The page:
The result is fantastic audio quality, especially when listening to music. Unlike most laptops, it’s actually a joy to listen to music on. The speakers get plenty loud without crackling or distortion, and there’s even a fair amount of bass. It’s a marvel considering how small these speakers are, but Apple’s extra engineering takes them to the next level.
Keyboard and touchpad
I won’t spend too much time complimenting Apple on the fix-up of its keyboard. Gone are the days of the unreliable and uncomfortable butterfly keyboards. Apple’s Magic Keyboard, which uses a more conventional scissor-switch, debuted in the MacBook Pro 13-inch from earlier this year. It’s still here, and it’s still fantastic.
The same goes for the trackpad, which is extra large and responsive. The Force Touch technology means there’s no physical mechanism underneath the glass — just a highly sensitive series of motors that replicate the feeling of motion.
Meanwhile, I’ll continue to bemoan the missed opportunity that is the Touch Bar. I almost never use it. And when I do, such as to adjust volume or screen brightness, it’s annoying. My only hope is that Apple now has improved tools for a better implementation in the future, but for now, it doesn’t add up to much of a feature.
The $1,299 MacBook Pro 13-inch M1 is a fresh start for the Mac. The physical design will catch up eventually, but for now, what we have is the beginning of a season for the Mac where it will be hard to compete with.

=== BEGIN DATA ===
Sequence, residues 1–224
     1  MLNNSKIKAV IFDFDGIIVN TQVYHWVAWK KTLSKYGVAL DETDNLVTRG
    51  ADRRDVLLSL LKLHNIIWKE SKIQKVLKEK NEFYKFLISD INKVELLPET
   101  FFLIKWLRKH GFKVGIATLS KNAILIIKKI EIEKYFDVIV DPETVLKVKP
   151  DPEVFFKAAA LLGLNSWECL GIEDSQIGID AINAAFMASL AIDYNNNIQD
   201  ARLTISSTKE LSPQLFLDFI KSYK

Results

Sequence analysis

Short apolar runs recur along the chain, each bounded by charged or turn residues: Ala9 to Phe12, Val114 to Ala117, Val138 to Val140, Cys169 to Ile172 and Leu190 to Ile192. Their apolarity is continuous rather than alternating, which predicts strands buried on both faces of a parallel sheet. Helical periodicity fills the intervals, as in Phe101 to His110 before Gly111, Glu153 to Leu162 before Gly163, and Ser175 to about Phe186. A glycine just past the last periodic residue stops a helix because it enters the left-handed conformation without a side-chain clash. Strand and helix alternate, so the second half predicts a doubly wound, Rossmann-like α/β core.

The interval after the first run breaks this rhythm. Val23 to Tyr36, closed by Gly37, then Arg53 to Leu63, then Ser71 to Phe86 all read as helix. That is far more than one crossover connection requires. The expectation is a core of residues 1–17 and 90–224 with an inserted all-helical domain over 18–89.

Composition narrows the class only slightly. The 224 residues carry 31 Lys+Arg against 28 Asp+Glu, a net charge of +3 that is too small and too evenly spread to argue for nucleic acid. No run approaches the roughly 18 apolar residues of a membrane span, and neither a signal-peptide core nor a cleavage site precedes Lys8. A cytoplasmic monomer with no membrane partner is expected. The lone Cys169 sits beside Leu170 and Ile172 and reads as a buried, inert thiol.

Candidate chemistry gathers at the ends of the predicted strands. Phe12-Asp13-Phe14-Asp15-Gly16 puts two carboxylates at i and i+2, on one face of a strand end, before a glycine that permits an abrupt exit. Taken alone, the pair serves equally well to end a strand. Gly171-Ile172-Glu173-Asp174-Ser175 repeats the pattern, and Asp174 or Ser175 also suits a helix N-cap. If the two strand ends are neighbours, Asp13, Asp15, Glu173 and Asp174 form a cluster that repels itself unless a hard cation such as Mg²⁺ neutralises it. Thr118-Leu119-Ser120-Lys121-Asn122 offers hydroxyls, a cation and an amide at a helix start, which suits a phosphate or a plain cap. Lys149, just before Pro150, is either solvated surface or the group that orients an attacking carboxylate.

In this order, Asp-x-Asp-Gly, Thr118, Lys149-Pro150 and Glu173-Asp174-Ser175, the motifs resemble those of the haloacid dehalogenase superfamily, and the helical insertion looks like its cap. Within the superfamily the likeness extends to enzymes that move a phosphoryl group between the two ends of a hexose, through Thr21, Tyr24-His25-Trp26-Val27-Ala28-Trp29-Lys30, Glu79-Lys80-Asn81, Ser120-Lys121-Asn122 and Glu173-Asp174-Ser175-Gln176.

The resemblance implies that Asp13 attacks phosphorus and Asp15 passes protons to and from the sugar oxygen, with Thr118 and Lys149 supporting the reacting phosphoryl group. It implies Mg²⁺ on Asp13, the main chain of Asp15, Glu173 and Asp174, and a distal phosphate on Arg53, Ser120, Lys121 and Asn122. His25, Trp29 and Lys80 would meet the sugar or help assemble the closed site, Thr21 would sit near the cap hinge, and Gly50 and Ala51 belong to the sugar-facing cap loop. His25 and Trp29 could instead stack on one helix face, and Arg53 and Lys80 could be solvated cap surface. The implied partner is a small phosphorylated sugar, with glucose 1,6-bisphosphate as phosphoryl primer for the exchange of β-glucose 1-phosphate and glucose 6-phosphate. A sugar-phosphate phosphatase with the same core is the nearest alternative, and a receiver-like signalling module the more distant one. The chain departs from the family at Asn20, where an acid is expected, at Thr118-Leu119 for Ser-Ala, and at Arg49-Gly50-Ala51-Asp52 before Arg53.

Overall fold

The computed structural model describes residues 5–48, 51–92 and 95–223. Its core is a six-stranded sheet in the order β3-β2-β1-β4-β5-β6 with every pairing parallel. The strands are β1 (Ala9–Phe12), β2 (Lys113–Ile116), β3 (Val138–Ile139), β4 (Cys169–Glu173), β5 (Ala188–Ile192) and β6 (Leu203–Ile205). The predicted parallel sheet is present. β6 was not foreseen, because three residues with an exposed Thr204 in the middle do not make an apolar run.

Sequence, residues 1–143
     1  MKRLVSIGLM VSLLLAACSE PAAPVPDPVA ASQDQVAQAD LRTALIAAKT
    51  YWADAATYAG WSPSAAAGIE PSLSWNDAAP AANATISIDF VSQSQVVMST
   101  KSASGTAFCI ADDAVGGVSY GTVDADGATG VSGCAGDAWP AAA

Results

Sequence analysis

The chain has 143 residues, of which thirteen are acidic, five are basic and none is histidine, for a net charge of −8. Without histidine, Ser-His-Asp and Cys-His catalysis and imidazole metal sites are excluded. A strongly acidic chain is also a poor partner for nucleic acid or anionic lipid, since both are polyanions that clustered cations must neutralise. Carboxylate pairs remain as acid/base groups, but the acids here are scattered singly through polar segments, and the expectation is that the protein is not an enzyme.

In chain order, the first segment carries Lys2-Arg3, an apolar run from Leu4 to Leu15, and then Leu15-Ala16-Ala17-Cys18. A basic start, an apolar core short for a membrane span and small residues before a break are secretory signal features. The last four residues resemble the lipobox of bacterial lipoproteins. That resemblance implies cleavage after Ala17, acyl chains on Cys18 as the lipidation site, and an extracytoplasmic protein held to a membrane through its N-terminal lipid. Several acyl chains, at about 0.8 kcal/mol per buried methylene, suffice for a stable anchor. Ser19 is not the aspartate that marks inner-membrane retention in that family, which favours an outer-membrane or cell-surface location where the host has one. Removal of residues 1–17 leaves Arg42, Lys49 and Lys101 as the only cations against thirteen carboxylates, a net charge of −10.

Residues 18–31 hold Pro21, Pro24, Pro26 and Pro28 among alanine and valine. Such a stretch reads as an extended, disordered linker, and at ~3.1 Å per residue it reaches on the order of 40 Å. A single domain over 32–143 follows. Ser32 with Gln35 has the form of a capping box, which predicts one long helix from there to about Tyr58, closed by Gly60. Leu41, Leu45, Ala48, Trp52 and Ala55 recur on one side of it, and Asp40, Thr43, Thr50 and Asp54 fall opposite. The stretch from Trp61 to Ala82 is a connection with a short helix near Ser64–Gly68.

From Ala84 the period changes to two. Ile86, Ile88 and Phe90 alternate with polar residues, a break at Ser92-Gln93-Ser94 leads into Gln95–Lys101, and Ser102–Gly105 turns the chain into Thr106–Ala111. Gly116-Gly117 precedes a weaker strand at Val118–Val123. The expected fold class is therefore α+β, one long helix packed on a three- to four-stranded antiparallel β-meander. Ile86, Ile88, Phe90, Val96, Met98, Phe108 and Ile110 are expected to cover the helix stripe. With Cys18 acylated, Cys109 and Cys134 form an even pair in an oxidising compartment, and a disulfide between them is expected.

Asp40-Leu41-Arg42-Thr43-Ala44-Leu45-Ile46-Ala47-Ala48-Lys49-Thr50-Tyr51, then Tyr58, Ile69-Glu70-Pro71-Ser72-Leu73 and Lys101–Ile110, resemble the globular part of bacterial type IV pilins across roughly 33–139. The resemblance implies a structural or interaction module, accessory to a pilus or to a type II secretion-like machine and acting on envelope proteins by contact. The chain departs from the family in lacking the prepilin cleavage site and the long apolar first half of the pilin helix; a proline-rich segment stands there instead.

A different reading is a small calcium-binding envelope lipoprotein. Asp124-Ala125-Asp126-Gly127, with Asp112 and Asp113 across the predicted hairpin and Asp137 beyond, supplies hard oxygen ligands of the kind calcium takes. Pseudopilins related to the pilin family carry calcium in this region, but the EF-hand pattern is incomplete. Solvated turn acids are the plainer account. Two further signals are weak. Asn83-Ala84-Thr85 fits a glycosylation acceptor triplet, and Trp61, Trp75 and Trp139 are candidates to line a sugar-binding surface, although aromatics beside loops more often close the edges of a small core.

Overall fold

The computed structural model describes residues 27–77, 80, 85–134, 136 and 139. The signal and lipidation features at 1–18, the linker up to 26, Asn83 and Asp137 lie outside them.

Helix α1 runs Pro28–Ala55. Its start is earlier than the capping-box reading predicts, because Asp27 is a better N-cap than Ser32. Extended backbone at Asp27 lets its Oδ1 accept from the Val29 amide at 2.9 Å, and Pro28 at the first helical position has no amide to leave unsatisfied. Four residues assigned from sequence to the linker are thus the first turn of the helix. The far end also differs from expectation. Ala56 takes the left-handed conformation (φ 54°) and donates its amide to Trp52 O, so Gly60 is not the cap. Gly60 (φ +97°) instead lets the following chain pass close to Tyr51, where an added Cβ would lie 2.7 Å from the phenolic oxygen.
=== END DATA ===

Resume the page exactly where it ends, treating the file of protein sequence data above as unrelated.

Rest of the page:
Are there any alternatives?
The closest competitor is the Dell XPS 13. I prefer the slim-bezel design of Dell’s laptop, as well as the option for a 4K model. The MacBook Pro 13-inch M1 is a more powerful laptop now, though, and beats it in battery life.
If you don’t need the extra performance afforded by the Pro, the MacBook Air should be considered. It uses a slightly lower-powered version of the M1, but only starts at $999 (or $899 with student discount).
How long will it last?
Being built on Apple’s new system architecture, the MacBook Pro 13-inch M1 is a safe purchase. It’ll be supported for many years. That being said, a major redesign of the MacBook Pro is said to be launching in 2021, though it may be a while until we hear more.
All of Apple’s MacBooks come with a standard one-year limited warranty. Of course, you can enjoy Apple’s excellent AppleCare+ service for up to three years, though it’ll cost you extra.
Should you buy it?
Absolutely. More than any MacBook Pro in the past few years, Apple has finally made one that has an undeniable advantage over its rivals.